North Korean cyber operators are reported to be probing various US companies for vulnerability to attack. FireEye reports that it detected and stopped spearphishing attempts against utility company officers in late September. An attack on the North American power grid would of course be attractive to DPRK war planners, but doing so isn't as simple as zombie apocalypse tales might lead one to believe. ICS security firm Dragos, for one, regards the likelihood of a grid takedown as fairly remote.
Most of the press attention has understandably focused on targeting of electrical utilities, but the campaign is broader than that: Pyongyang appears interested in industrial control systems generally. South Korean sources are reporting an interesting twist on the North's approach to cyber operations. They think they're seeing hacktivism, which would seem difficult to foster in a country as closed and tightly controlled as the DPRK.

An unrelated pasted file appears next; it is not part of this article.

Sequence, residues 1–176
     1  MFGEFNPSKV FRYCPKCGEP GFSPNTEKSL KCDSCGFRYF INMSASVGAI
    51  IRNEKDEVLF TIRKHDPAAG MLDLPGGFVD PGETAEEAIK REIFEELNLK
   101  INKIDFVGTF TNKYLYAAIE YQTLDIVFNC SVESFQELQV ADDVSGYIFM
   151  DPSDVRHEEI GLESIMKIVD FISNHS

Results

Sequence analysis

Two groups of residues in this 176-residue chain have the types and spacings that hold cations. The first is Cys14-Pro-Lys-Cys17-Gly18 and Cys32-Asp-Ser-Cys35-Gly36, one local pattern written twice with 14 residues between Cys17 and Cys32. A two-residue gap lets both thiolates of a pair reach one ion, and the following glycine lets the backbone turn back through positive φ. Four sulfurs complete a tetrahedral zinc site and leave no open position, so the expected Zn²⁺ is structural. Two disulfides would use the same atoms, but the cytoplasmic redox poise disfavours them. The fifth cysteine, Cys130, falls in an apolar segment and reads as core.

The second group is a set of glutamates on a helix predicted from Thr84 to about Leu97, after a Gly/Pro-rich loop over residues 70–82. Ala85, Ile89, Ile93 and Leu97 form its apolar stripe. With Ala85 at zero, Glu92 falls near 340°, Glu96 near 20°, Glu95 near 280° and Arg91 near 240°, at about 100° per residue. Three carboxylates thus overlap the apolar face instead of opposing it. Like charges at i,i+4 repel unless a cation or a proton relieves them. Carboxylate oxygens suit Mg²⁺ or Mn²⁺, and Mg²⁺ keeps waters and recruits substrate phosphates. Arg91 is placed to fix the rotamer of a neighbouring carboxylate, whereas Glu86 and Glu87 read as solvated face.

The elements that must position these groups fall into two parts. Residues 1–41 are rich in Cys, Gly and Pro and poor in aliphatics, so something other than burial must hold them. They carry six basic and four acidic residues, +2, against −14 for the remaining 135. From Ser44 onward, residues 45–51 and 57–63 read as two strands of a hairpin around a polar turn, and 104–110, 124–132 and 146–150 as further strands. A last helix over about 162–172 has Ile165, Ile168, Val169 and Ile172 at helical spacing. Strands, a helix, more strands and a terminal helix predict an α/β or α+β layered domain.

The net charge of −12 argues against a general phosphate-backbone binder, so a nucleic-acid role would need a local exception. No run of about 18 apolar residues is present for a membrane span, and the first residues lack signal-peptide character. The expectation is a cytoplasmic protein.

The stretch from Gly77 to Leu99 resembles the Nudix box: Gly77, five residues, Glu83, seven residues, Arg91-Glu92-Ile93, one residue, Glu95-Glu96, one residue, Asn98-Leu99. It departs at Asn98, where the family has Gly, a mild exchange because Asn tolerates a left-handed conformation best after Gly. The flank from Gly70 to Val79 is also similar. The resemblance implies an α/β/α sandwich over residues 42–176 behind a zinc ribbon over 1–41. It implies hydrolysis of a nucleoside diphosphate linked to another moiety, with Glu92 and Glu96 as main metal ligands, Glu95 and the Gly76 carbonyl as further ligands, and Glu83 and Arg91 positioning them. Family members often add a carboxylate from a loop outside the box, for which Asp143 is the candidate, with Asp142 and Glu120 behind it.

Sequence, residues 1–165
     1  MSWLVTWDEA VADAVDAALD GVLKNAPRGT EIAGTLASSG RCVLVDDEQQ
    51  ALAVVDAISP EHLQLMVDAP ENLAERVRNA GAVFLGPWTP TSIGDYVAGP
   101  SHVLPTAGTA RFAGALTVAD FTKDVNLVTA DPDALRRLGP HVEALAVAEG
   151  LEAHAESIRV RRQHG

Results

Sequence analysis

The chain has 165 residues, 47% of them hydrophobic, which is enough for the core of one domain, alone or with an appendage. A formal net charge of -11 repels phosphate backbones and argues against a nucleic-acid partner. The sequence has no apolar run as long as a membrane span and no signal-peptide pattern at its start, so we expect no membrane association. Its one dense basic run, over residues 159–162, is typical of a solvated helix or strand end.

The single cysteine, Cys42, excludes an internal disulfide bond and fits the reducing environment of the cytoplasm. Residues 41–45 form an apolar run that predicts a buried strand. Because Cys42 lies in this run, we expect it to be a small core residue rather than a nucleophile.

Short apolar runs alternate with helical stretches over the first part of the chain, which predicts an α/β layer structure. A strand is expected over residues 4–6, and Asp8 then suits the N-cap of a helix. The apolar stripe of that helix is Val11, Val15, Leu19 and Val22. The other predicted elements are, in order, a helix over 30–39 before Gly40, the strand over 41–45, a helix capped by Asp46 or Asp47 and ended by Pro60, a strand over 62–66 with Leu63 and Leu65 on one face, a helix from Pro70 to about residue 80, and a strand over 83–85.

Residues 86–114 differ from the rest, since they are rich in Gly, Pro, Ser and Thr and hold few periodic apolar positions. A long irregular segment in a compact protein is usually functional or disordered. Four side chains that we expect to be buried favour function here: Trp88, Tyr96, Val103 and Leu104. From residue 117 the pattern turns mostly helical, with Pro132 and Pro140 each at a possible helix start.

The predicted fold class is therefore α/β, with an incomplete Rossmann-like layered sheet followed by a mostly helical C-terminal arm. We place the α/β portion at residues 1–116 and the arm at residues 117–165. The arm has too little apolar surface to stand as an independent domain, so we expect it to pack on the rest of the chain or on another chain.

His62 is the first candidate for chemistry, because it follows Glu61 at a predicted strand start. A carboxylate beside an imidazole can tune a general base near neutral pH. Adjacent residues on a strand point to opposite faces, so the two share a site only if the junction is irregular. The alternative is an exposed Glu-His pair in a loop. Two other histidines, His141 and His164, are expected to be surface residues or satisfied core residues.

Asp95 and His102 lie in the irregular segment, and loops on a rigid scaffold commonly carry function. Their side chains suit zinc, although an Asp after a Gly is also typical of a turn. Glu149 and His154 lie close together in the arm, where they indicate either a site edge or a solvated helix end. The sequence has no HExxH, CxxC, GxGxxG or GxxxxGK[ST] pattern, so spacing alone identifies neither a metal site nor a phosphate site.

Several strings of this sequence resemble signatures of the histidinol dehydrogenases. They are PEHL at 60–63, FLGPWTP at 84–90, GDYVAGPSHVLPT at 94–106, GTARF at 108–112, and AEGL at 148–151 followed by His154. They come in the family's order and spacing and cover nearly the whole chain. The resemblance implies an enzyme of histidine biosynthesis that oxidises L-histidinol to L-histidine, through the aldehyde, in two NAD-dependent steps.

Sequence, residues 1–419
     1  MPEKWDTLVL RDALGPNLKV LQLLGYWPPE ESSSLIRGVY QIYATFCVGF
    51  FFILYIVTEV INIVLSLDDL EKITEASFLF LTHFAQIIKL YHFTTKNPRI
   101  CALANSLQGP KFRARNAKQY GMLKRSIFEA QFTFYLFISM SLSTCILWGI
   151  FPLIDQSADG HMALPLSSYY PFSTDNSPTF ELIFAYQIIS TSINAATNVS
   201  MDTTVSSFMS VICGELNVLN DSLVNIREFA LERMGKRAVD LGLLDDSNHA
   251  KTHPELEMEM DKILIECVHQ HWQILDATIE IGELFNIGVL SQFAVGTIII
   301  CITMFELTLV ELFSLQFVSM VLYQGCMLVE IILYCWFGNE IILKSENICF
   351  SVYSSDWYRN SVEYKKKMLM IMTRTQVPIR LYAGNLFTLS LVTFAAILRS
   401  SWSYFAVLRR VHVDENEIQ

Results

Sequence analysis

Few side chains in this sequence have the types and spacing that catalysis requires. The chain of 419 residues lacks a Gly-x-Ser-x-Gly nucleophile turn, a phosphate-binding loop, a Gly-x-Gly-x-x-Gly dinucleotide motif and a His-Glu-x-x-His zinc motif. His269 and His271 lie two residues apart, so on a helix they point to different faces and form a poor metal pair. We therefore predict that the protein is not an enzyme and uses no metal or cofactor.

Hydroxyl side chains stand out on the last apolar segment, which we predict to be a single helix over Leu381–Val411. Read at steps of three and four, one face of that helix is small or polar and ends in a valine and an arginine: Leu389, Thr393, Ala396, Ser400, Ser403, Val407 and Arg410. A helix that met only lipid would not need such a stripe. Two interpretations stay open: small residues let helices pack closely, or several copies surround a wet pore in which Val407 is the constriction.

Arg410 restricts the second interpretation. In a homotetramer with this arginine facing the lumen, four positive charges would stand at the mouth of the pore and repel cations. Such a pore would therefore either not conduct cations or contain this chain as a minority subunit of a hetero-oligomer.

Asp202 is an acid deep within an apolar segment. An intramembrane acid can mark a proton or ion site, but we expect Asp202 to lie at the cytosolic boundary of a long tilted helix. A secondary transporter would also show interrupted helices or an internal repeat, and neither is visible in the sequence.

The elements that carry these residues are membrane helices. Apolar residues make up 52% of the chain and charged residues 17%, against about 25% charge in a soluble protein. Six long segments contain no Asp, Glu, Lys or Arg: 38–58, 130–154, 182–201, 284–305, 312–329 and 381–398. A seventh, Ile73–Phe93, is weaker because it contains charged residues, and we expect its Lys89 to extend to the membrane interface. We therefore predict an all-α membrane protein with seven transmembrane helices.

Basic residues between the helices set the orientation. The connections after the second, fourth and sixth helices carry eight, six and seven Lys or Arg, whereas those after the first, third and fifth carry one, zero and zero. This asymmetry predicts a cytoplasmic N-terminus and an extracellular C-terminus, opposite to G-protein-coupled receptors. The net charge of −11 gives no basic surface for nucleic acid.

Revelations that Kaspersky security software appear to have been subverted into espionage tools prompt reflection on the risks anti-virus products present, given the access they typically require. This would seem an instance of the familiar dual-use problem (another instance would be the ease with which benign scanners could be converted into denial-of-service tools).
More inadvertent cloud exposures contribute to a growing mood of learned helplessness concerning personal and other sensitive data.
Google Home's Mini smart speakers appear to have been listening as well as speaking, and reporting conversations back to Mountain View. Google has patched to fix the privacy bug, but consumers find it unnerving.